Objective: Inappropriate opioid prescribing after surgery contributes to opioid use disorder and risk of opioid overdose. In this cross-sectional analysis of orthopedic surgical patients, we examined the role of patient location on postoperative pain intensity and opioids prescribed on hospital discharge.
Methods: We used geospatial analyses to characterize spatial patterns of mean pain intensity on the day of discharge (PiDoD) and opioid units prescribed on the day of discharge (OuPoD), as well as the effect of regional social deprivation on these outcomes.
Results: At a 500-km radius from the surgery site, the Global Moran's I for PiDoD (2.71 × 10-3, variance = 1.67 × 10-6, P = 0.012) and OuPoD (2.19 × 10-3, SD = 1.87, variance = 1.66 × 10-6, P = 0.03) suggested significant spatial autocorrelation within each outcome. Local indicators of spatial autocorrelation, including local Moran's I, Local Indicator of Spatial Autocorrelation cluster maps, and Getis-Ord Gi* statistics, further demonstrated significant, specific regions of clustering both OuPoD and PiDoD. These spatial patterns were associated with spatial regions of area deprivation.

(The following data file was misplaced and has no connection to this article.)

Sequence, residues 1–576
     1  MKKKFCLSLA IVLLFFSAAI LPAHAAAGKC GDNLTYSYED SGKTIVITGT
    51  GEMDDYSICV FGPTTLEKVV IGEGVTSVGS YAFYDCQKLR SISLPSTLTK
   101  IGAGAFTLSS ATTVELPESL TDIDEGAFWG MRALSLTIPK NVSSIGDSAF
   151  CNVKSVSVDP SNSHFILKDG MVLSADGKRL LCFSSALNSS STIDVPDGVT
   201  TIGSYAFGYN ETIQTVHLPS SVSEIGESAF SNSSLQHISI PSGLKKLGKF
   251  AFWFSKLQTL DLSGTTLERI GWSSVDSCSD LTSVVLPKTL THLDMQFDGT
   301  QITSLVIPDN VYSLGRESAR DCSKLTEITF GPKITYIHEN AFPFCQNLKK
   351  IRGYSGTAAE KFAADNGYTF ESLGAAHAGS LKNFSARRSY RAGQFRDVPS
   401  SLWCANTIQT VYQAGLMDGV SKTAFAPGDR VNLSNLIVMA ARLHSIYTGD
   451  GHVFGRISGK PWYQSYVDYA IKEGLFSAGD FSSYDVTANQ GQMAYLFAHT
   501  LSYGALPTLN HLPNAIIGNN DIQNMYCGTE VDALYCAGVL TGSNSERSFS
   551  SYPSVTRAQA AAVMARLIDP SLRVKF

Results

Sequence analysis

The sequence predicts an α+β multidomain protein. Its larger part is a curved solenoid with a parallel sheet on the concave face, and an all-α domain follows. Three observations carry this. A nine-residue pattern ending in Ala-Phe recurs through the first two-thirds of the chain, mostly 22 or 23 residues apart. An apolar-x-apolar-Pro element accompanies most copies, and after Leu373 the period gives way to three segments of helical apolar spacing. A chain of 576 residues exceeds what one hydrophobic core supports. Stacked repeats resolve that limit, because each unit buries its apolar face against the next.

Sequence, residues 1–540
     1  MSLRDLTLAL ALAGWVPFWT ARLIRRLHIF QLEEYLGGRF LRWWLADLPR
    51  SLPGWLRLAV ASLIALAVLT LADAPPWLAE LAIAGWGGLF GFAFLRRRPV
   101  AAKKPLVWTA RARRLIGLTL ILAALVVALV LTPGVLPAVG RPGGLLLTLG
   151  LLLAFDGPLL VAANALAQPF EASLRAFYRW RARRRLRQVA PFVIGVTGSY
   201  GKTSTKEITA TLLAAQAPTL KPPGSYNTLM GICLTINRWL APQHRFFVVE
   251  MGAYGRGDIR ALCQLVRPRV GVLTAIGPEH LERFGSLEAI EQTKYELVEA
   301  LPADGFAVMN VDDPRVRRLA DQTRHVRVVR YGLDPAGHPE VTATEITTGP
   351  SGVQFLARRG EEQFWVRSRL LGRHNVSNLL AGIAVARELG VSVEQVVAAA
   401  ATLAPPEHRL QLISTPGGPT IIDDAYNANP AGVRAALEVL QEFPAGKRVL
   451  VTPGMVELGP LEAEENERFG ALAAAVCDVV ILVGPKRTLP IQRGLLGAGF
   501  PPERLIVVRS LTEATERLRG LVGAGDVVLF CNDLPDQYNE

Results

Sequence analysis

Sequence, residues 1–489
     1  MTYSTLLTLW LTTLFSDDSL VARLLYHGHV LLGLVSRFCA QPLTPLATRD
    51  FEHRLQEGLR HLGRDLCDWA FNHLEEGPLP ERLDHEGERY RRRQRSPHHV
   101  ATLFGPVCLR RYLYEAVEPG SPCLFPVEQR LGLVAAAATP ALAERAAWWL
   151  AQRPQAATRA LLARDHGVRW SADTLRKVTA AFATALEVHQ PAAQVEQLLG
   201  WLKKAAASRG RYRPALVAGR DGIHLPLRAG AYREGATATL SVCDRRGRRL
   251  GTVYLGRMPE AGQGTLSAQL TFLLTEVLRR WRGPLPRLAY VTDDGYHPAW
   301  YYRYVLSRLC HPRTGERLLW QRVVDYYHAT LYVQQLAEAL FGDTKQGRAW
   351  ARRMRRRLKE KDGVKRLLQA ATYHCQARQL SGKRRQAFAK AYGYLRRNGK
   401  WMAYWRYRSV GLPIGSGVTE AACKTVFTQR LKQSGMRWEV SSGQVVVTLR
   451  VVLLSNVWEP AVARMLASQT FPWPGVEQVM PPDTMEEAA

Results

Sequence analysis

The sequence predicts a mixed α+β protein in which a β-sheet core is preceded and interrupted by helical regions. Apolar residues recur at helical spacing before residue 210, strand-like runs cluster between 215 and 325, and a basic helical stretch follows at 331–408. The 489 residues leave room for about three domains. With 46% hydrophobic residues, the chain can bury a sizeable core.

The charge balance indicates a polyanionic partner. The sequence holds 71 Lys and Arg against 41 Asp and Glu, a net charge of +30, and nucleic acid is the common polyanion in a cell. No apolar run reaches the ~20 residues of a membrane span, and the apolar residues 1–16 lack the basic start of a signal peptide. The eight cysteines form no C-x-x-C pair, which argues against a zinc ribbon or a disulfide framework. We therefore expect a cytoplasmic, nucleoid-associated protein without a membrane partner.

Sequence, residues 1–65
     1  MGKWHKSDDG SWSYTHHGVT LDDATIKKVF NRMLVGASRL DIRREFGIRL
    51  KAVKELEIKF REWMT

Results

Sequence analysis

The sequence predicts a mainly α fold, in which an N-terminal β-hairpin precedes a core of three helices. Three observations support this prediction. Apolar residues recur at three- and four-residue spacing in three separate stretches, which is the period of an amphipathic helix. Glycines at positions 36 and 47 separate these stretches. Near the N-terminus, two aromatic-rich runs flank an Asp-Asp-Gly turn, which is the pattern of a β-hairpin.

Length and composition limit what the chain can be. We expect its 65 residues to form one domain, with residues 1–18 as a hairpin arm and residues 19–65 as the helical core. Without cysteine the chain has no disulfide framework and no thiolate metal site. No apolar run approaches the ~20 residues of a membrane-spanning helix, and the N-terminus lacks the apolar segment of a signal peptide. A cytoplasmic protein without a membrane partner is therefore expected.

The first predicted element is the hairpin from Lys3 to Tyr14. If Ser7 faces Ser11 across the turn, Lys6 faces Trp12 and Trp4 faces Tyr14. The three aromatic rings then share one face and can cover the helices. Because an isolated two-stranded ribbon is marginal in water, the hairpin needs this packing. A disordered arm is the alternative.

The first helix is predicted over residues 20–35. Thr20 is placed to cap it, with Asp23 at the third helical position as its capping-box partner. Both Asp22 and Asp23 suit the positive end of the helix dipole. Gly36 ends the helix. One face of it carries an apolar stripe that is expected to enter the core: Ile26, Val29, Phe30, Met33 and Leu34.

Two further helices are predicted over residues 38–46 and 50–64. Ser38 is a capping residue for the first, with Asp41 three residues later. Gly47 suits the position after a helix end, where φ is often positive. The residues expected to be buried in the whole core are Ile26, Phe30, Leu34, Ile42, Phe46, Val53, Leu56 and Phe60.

Conclusions: Our results suggest that the outcomes of pain intensity and opioid doses prescribed exhibit varying degrees of clustering of patient locations of residence, at both global and local levels. This indicates that a given patient's pain intensity on discharge is related to the pain intensity of nearby individuals. Similar interpretations exist for OuPoD, although the relative locations of hot spots of opioids dispensed in a geographic area appear to differ from those of hot spots of pain intensity on discharge.
Keywords: Clustering; Geospatial; Opioid; Orthopedic; Pain; Spatial Autocorrelation; Surgery.
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